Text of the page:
Lee Harris: ‘Guns in parks’ may close festivals, concerts in TN cities

News release from Senate Democratic Caucus:
NASHVILLE – Joined by gun safety advocates and a former chief of police, Senate Minority Leader Lee Harris talked about the danger to Tennessee concert goers posed by an attorney general’s ruling forcing private entities to allow guns at concerts.

“If this is allowed to stand, some of these major festivals may decide to end or move out of public parks,” Sen. Harris said. “A few reasonable people may avoid going just to avoid risk. Given the economic impact of these festivals, we have to do something so that people can feel safe at major festivals and concerts. We need legislation that makes clear that organizers can ban guns at these events when they believe there is a security risk.”

Junaid Odubeko, a Nashville attorney who served in the Bredesen administration and provides legal counsel to the Senate Democrats, said the ruling will stop city and county governments from banning guns in their parks, including at major festivals, even if these governments contract with private, third-party entities to operate the parks.

“The AG has opined that the legislature’s actions here are clear and unambiguous,” Odubeko said. “The legislature wanted to take away the ability of local governments to keep people from carrying guns in parks. From my review of the law, I would say that the AG correctly interpreted the legislative intent of the new law.”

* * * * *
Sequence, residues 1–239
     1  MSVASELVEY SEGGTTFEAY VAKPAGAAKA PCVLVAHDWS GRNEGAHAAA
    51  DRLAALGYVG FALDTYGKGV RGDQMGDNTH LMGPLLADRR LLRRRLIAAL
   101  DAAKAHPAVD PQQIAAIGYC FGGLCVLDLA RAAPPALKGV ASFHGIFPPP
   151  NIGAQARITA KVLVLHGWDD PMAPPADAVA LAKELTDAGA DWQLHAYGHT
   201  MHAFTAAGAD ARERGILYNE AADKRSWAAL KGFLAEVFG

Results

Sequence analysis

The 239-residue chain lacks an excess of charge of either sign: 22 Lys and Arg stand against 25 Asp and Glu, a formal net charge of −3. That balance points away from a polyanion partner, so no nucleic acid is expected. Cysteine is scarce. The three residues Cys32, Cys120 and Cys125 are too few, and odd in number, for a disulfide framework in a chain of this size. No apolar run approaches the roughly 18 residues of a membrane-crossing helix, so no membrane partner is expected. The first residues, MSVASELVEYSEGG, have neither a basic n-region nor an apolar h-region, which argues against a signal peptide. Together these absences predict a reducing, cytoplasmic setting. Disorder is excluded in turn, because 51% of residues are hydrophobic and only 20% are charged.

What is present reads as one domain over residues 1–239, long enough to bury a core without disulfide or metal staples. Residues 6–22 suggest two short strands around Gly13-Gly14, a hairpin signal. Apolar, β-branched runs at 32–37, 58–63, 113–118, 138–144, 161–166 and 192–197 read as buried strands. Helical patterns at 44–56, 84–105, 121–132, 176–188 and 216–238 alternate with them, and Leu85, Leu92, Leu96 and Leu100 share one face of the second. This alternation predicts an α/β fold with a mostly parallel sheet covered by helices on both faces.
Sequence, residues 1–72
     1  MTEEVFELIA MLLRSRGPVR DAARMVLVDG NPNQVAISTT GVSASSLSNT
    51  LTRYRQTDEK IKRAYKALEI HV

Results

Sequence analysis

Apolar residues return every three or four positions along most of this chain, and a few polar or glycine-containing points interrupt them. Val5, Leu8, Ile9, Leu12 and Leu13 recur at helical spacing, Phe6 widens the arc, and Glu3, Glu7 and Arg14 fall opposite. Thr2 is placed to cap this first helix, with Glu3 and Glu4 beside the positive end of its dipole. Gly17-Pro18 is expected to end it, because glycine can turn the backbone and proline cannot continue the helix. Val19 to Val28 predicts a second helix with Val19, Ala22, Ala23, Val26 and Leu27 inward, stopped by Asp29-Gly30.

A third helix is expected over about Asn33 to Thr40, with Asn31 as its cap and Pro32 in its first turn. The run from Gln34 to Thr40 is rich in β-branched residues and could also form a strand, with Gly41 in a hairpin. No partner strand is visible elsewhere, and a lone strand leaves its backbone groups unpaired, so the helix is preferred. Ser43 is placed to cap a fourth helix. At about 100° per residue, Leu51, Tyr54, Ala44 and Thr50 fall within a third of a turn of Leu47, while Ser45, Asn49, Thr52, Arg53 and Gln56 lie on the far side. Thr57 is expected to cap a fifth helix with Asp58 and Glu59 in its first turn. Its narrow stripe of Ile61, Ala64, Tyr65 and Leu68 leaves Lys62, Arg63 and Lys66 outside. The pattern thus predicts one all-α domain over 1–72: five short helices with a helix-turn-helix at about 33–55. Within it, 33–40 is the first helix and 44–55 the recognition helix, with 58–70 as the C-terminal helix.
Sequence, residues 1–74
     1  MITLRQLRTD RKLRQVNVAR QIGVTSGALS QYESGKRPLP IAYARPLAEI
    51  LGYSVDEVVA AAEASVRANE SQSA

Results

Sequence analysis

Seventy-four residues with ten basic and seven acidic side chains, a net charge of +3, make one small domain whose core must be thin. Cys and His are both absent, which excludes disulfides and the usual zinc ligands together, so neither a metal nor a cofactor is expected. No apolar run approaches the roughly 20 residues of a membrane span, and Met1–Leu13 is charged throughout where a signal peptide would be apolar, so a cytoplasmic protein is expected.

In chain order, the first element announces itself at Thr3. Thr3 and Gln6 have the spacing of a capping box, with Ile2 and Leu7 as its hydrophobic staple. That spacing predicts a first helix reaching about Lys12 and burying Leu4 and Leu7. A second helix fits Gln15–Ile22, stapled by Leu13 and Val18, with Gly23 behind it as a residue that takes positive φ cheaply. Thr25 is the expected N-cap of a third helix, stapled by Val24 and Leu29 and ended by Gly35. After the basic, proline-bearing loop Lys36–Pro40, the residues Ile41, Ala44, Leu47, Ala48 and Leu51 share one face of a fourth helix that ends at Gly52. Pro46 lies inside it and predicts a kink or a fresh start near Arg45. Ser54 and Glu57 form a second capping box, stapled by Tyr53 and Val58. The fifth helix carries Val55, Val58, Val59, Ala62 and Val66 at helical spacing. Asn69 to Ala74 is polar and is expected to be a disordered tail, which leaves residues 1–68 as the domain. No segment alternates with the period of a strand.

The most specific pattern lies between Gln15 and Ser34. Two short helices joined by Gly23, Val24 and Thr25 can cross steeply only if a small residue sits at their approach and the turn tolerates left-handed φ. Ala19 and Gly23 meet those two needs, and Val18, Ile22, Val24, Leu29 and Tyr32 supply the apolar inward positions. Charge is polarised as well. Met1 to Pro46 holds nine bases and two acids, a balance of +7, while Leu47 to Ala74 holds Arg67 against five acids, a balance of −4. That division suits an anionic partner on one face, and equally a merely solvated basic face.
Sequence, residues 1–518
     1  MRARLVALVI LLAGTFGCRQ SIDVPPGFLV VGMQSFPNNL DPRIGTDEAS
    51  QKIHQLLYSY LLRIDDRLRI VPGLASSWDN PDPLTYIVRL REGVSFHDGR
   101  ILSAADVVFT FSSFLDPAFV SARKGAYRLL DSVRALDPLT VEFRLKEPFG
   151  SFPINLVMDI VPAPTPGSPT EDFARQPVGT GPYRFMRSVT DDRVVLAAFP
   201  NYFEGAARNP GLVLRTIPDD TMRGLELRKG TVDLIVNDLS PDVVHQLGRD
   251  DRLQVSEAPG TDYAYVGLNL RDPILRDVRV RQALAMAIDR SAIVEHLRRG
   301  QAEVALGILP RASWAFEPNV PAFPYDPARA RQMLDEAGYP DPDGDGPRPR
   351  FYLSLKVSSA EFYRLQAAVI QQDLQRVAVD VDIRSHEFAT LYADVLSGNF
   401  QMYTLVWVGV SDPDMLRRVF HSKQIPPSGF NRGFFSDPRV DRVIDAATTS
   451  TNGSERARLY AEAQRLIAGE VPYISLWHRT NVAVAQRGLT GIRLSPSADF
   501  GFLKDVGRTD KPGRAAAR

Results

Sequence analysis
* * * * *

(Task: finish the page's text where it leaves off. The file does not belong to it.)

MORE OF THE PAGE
There have been at least 20 accidental shootings in Tennessee so far this year, according to Beth Joslin Roth, policy director for the Safe Tennessee Project.

“The frequency of these kinds of incidents is alarming,” Roth said. “What’s even more alarming is the possibility of these kinds of accidental shootings happening in extremely crowded situations such as an outdoor concert venue or festival. Unlike those who describe accidental shootings as ‘acts of God,’ we believe that they are 100 percent preventable.”

Retired Memphis Chief of Police James Bolden spoke from his experience in law enforcement on the danger guns can pose in large crowds where alcohol is consumed.

“At the Memphis in May festival, at any given time we could have 75,000 citizens cramped into a small space,” Bolden said. “Even if you took a small percentage and allowed them to bring firearms, we’re setting ourselves up for a disaster of catastrophic proportions. Police won’t know who are the good guys and who are the bad guys and would have to make a snap decision.”

Sen. Harris will host a roundtable in Nashville with gun safety advocates to continue the discussion, tentatively set for Aug. 13.

Note: Reporting on the release and Harris’ news conference Friday includes: News sentinel/Commercial Appeal HERE; Times-Free Press HERE. Both quote a former Memphis police director as seeing a “potential disaster” and note regional events that could be impacted.

Previous post HERE, including link to the AG opinion HERE.